decided: June 16, 1988.
COMMONWEALTH OF PENNSYLVANIA, DEPARTMENT OF TRANSPORTATION, BUREAU OF DRIVER LICENSING, APPELLANT
MARC A. PETRUCELLI, APPELLEE
Appeal from the Order of the Court of Common Pleas of Chester County, in the case of Commonwealth of Pennsylvania, Department of Transportation, Bureau of Traffic Safety v. Marc A. Petrucelli, No. 86-01356.
Christopher J. Clements, Assistant Counsel, with him, Harold H. Cramer, Assistant Counsel, John L. Heaton, Chief Counsel, for appellant.
No appearance for appellee.
Judges Craig and Barry, and Senior Judge Narick, sitting as a panel of three. Opinion by Judge Barry.
[ 117 Pa. Commw. Page 164]
The Pennsylvania Department of Transportation (DOT) appeals an order of the Court of Common Pleas
[ 117 Pa. Commw. Page 165]
of Chester County which sustained the appeal of Marc Petrucelli (the licensee) and reversed DOT's decision to suspend the licensee's driving privileges for 60 days.
On November 17, 1984, October 11, 1985 and November 2, 1985, the licensee was convicted of violating Section 3362 of the Pennsylvania Motor Vehicle Code, 75 Pa. C. S. § 3362 (Code) for driving in excess of maximum speed limitations. The licensee's driving record was assessed a total of twelve points for these three convictions. On February 2, 1986, DOT notified the licensee that his driving privilege was suspended for 60 days.*fn1 The licensee appealed this suspension alleging that DOT did not notify him of the points assessed for the November 17, 1984 conviction. At the de novo hearing, instead of producing certified copies of the original notice letter, DOT introduced a certification statement to prove that all of the notice requirements had been met.*fn2 The trial court determined that the certification statement was not sufficient to establish that the licensee
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received notice. The trial court opined that based upon our decision in Department of Transportation v. Suchko, 92 Pa. Commonwealth Ct. 520, 499 A.2d 738 (1985), the only acceptable proof that the notice was sent was a certified copy of the actual notice letter. DOT appeals this order.
Section 1536 of the Code states:
Whenever points are assigned to a driver's record, the department shall send to that person at his last known address a letter of notice pointing out the fact and emphasizing the nature and effects of the point system.
75 Pa. C. S. § 1536. We have held that this section does not require that the licensee receive the notice, but, that DOT establish that the notice was sent. Faulstick v. Commonwealth, 66 Pa. Commonwealth Ct. 529, 445 A.2d 554 (1982). The certification statement introduced at the trial contained a verification that all of the required notices had been sent. Therefore, we must decide whether, as a matter of law, a certification statement of the driving record of a licensee is competent to establish notice.
When a licensee is convicted of a driving offense, DOT preserves the record of conviction on film. After conviction, points are assigned to the motorist by use of a computer. The appropriate information is placed electronically on a notice letter which is subsequently mailed to the licensee. DOT does not retain a copy of this notice; however, the computer registers the date that the notice was sent. A summary of the driving record can be obtained by having the computer print out the pertinent history of DOT's actions. DOT alleges that its certification of this computer summary is sufficient to establish notice.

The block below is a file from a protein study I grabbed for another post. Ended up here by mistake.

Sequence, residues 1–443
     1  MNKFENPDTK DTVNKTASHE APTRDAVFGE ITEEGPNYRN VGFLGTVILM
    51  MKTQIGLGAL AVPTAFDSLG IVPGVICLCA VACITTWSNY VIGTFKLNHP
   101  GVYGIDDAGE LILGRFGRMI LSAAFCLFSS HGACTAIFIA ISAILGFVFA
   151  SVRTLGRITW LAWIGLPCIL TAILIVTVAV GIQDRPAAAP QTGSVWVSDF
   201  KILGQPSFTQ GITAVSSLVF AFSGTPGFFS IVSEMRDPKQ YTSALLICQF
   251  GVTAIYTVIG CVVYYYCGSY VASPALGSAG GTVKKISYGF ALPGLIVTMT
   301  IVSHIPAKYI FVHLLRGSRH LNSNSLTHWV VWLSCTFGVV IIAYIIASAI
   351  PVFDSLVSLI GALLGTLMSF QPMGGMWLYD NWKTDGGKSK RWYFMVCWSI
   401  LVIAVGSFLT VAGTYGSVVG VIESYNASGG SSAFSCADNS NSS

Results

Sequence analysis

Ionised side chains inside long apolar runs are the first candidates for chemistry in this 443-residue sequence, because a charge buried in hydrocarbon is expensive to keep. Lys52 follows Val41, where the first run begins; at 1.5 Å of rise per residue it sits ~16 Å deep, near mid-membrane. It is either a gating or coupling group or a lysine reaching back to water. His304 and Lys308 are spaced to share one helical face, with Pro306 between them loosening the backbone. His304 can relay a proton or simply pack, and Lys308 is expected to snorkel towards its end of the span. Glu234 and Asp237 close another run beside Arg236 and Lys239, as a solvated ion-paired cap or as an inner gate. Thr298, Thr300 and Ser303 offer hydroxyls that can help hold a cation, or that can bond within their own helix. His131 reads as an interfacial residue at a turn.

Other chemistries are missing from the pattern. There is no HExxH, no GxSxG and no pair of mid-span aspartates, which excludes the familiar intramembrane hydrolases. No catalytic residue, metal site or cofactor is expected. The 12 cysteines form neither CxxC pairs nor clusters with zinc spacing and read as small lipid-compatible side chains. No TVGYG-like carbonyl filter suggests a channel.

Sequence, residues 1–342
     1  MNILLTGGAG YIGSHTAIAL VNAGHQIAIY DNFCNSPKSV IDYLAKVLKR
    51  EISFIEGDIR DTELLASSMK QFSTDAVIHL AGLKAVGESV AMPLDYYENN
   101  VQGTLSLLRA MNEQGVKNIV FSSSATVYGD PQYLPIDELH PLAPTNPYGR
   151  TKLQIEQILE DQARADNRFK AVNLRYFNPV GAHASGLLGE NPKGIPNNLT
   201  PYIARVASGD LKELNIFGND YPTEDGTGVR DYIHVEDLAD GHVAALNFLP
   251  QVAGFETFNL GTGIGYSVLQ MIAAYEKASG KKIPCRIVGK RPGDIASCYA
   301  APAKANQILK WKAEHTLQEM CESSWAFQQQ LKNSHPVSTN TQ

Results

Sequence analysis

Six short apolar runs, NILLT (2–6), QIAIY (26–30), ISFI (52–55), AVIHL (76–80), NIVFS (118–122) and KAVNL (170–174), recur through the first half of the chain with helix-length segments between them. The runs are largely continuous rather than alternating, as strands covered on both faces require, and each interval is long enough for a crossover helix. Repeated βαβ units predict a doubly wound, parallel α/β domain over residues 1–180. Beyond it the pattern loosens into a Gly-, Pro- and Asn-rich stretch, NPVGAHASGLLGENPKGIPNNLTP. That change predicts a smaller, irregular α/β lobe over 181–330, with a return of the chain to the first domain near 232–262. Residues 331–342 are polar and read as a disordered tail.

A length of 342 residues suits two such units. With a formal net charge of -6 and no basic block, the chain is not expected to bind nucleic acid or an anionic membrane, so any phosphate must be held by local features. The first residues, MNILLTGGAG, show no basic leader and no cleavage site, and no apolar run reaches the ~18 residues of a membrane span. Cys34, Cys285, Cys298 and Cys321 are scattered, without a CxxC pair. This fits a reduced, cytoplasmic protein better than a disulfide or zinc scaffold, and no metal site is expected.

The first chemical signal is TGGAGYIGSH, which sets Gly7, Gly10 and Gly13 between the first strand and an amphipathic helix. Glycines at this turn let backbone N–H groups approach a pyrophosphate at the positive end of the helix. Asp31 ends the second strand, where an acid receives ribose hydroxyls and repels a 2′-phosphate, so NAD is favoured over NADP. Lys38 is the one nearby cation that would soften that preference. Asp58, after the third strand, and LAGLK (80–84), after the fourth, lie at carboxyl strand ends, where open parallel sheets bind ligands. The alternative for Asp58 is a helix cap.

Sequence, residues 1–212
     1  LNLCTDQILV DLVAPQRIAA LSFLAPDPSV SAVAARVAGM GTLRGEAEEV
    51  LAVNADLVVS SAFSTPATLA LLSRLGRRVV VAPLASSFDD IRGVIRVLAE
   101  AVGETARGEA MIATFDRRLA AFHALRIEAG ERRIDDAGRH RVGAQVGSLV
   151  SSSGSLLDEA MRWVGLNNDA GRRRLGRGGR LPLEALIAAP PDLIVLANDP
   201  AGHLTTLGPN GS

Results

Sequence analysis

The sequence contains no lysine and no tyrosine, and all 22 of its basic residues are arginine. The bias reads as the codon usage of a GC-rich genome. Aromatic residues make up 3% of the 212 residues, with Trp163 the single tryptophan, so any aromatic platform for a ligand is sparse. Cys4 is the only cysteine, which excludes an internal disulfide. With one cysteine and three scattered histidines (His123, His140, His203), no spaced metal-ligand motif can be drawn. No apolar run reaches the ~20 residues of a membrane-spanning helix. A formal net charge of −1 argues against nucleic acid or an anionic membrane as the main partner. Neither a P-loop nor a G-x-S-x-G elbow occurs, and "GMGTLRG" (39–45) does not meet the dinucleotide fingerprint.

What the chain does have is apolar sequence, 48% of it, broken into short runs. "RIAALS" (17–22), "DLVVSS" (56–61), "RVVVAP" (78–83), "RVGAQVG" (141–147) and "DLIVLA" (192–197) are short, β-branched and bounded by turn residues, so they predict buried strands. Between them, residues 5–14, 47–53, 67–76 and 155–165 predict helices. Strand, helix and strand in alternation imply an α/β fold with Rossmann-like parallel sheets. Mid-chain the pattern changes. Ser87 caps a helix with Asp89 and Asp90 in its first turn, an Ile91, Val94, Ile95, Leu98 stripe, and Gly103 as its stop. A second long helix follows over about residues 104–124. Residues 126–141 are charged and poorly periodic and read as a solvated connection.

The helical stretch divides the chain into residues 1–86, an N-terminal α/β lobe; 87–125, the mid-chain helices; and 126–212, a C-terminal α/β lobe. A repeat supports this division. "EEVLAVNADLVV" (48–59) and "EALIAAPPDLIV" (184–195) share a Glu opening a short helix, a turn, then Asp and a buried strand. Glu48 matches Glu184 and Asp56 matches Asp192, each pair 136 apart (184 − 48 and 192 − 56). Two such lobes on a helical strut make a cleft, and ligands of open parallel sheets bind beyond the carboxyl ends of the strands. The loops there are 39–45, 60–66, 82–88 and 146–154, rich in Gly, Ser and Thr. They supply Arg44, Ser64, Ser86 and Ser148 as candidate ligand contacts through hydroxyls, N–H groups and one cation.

In Suchko, we refused to allow DOT to establish, by certification of its records, a mailing date to toll the appeal process for a license suspension. In that case, the
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issue was whether the suspension appeal was timely. In an effort to prove that it was not, DOT attempted to introduce the proof of the notice date by certifying its record of the operator's driving record. We held that DOT's certification of its records was not sufficient evidence to establish that the notice was sent on a particular date. In the present matter, DOT has certified that notice was sent on a definite date. Although an actual copy of the notice was not produced we believe that the system for sending notice is sufficient to ensure that the licensee was given the notice required by Section 1536 of the Code. Therefore, we hold that DOT's certification of the driving record showing that notice was given is competent to establish that the notice was sent. DOT's certification of its records is not sufficient to establish the date of the notice or for that matter anything further than the mere fact that the notice was sent. We also note in Suchko, albeit in a footnote, that point assessment notice could be established if the licensee took a required driver's examination after being instructed to do so by DOT. In the present matter, after the licensee was convicted of two violations of Section 3362 of the Code, DOT sent notice to the licensee that he was required to pass an examination since his record had been assessed a total of seven points. Four of these points had been assessed from the November 17, 1984 conviction. The licensee took and passed the test. This is sufficient evidence that the licensee received notice. Suchko.
Therefore, we reverse the trial court and reinstate DOT's decision to suspend the licensee's driving privilege for 60 days.
Now, June 16, 1988, the order of the Court of Common Pleas of Chester County, dated May 5, 1986 at 86-01356, is reversed and the suspension by DOT of appellee's driving privilege is reinstated.
Reversed and suspension is reinstated.